1. In my opinion, the orders of conviction and the sentences passed on the accused must be set aside. The accused were originally tried under various charges. Finally the charges were reduced to one namely a contravention of Rule 18 (2), All India Cloth Control and Yarn Control Order of 1945. The accused are said to have been in possession of cloth in excess of their 'normal requirements.' Rule 18 (2) of the aforesaid Order reads thus:
No dealer or other person not being a manufacturer shall save with the permission of the Textile Cossimouer at any time hold stock of cloth or yarn in excess of his normal requirements.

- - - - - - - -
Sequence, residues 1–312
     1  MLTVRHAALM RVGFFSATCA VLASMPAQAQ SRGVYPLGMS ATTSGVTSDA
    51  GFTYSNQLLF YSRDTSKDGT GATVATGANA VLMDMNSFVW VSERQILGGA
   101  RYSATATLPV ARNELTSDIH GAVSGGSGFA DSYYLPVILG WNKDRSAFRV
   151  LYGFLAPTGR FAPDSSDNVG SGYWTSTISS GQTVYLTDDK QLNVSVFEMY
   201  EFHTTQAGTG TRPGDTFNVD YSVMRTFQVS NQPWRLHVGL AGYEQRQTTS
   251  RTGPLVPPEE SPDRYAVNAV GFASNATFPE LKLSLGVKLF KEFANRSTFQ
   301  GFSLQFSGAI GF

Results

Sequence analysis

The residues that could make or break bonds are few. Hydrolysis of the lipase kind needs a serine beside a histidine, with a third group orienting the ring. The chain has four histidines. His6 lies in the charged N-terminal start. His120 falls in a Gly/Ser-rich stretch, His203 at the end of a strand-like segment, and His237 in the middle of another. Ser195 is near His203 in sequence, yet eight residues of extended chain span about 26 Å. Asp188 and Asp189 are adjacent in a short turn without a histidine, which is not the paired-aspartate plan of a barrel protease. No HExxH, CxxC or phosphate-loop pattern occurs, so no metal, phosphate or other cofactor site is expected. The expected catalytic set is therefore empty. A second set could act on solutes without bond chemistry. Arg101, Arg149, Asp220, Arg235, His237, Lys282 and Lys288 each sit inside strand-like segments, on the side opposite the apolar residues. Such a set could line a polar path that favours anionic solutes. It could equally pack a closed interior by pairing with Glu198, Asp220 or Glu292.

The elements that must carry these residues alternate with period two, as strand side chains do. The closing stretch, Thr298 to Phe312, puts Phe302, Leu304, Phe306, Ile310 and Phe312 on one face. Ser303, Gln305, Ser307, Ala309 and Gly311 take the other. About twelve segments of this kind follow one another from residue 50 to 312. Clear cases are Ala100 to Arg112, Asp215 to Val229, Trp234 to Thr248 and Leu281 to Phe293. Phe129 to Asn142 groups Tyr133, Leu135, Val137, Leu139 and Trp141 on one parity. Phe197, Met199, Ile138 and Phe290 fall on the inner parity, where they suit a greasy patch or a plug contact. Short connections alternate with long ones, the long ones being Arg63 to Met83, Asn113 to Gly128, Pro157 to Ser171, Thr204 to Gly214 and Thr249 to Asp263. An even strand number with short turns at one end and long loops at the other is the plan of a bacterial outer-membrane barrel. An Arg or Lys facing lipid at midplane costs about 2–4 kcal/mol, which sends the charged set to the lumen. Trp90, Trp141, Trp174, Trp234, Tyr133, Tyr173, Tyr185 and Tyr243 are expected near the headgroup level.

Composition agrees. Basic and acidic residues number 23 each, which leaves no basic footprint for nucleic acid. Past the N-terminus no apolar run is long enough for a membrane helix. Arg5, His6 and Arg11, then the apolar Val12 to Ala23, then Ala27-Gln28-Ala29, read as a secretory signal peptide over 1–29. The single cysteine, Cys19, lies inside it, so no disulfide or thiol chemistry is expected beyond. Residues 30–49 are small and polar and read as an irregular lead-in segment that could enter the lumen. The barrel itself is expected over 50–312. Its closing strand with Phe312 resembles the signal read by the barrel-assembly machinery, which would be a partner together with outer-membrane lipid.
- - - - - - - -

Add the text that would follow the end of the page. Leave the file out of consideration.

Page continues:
The three appellants used to live together. Their house was searched and from their boxes, almirahs and trunks 391 yards of cloth were discovered and on this ground only the three appellants have been convicted of violating the foresaid rule and fined Rs. 400 each. The only relevant evidence given is that the accused persons had 15 ration cards and that 391 yards of cloth were found in the premises occupied by them. No evidence was given as to whether the cloth was held by the three accused jointly or whether each accused held any specific portion of the cloth. Witness 1 for the prosecution says that each person is entitled to five yards of cloth as his normal requirements. What authority he has for saying this is not disclosed. The learned advocate appearing for the Crown is not able to show me anything which supports the statement. What is meant by 'normal requirements' is not mentioned in the rules so far as I am aware and in spite of my enquiries I have not been informed as to what is meant by the terms 'normal requirements.' To say that any one in possession of more than five yards of cloth is liable to prosecution seems to me on the face of it to be absurd. It may be that a person is not entitled to get more than five yards of cloth for a particular period, but I am not aware of any rule, or order or ordinance or any other kind of law which says that a person cannot accumulate cloth which he purchased over a long period of time or that he cannot receive as presents cloth legitimately purchased by his friends or relations. The evidence given in this case is absolutely worthless and it does not disclose any criminal offence. The learned Magistrate's judgment is also not illuminating. It says that the case has been proved beyond all reasonable doubt without at all explaining in the judgment what the offence committed by the accused consists of. All be does is to repeat the evidence of prosecution witness 1 that the accused persons had 15 ration cards and that each person was entitled to five yards of cloth as his normal requirements. Where the learned Magistrate gets this from I am unable to find. That being so, I must set aside the orders, of conviction and the sentences and acquit the accused. The fines, if paid, shall be refunded.